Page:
News 30th August 2016

Sports Integrity Briefs – 30 August

• The Union Cycliste Internationale (UCI) has sanctioned Chilean Carlos Oyarzun with a four-year ban, over a year after he tested positive for FG-4592. The compound stimulates the production of erythropoietin (EPO) inside the body (endogenous). Unlike exogenous (externally administered) EPO, it is available in pill form and works in combatting anaemia by increasing an individual’s ability to produce red blood cells. As red blood cells contain iron, this helps combat anaemia, but red blood cells also carry oxygen around the body – specifically to the muscles. It is also understood that FG-4592 doesn’t raise blood pressure in the same way as EPO, reducing the risk of heart attacks due to ‘thickened’ blood. On 29 July last year, the UCI suspended the Androni Giocattoli-Sidermec Pro Continental team for 30 days, after rider Fabio Taborre reported an adverse analytical finding for FG-4592. In April last year, the French anti-doping agency (AFLD) confirmed that race-walker Bertrand Molinet had returned a positive test for FG-4592.

• The International Weightlifting Federation (IWF) has charged Stanislau Chadovich of Belarus with substituting his urine at a doping control, finding the 62kg silver medallist at the 2014 European Championships in Tel Aviv guilty of ‘urine substitution’. The IWF also found that Hsiao Ya-Fang of Chinese Taipei has returned an adverse analytical finding for 3-hydroxystanozolol glucuronide, an anabolic agent; and Krzysztof Szramiak of Poland has returned an AAF for GHRP-6, a peptide hormone.

• FIFA’s Early Warning System (EWS) has signed an agreement with Tipbet, which will inform EWS about any irregular or suspicious betting behaviour. “We are proud to be of support to FIFA, and to contribute in their efforts to safeguard the integrity of football tournaments and at the same time, strengthening the soundness of our betting systems and services offered”, said Tipbet’s General Manager, Bahadir Malkoc, in a statement. EWS works with international betting operators and regulators to exchange information on irregular and suspicious betting activities.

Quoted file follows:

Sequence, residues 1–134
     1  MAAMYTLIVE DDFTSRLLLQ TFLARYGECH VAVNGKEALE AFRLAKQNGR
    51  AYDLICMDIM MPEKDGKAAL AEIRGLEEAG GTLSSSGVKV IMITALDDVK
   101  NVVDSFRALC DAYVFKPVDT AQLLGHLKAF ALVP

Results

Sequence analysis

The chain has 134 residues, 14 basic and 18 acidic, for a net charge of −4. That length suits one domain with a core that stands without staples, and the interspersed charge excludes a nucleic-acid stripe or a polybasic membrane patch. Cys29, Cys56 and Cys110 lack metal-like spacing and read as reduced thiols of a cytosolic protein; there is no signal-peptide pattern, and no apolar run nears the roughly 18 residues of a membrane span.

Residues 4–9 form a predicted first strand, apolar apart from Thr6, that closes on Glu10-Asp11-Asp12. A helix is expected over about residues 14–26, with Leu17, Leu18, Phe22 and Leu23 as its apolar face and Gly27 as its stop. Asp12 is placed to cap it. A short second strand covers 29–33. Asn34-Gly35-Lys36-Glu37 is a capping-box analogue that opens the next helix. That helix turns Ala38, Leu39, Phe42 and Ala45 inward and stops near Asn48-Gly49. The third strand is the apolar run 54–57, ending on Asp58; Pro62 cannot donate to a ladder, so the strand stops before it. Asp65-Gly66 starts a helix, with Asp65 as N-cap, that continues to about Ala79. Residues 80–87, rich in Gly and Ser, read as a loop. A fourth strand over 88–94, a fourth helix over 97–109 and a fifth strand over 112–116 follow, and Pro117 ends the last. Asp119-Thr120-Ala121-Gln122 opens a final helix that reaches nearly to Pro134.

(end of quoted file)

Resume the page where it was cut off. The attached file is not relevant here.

• A South Korean baseball player has been sanctioned with a two-year suspended prison term after being convicted of match-fixing, reports Japan Today. Lee Tae Yang, of the Korea Baseball Organisation’s (KBO) NC Dinos, has reportedly been sanctioned along with a broker involved in the scheme and a second-tier player.

• Orlando Pirates player Thandani Ntshumayelo is to appeal a four-year ban issued by the South African Institute for Drug Free Sport (SAIDS) following a positive test for cocaine, reports Sport24. The footballer’s agent told the website that Pirates had terminated Ntshumayelo’s contract.

• The National Football League (NFL) has met with three players alleged to have been supplied with performance-enhancing drugs in a December 2015 Al Jazeera documentary, AP reports. The documentary relied on claims made by Charlie Sly, who retracted his claims the day after the documentary aired, in a video which appeared to be scripted.

• The Fédération Equestre Internationale (FEI) has confirmed that all human and equine samples taken at the Rio 2016 Olympics were negative. The FEI was responsible for the 60 equine samples taken in Rio – 30% of the 200 competing horses. The International Olympic Committee (IOC) was responsible for testing riders.

• The Russian Skating Union has disqualified speed skater Yevgeny Nazarov for two years, reports the Russian Anti-Doping Agency (RUSADA).

• Over 100 of the 266 Russian athletes who qualified for the Rio 2016 Paralympics have filed a direct appeal to the International Paralympic Committee (IPC), which suspended Russia on 7 August. On 29 August, the Russian Anti-Doping Agency (RUSADA) reported that the Russian Federation of Physical Culture and Sport for Persons with Physical Disabilities (FPODA) had disqualified Airat Zakieva, Tatiana Zhavoronkova and Olga Kiseleva for four years.

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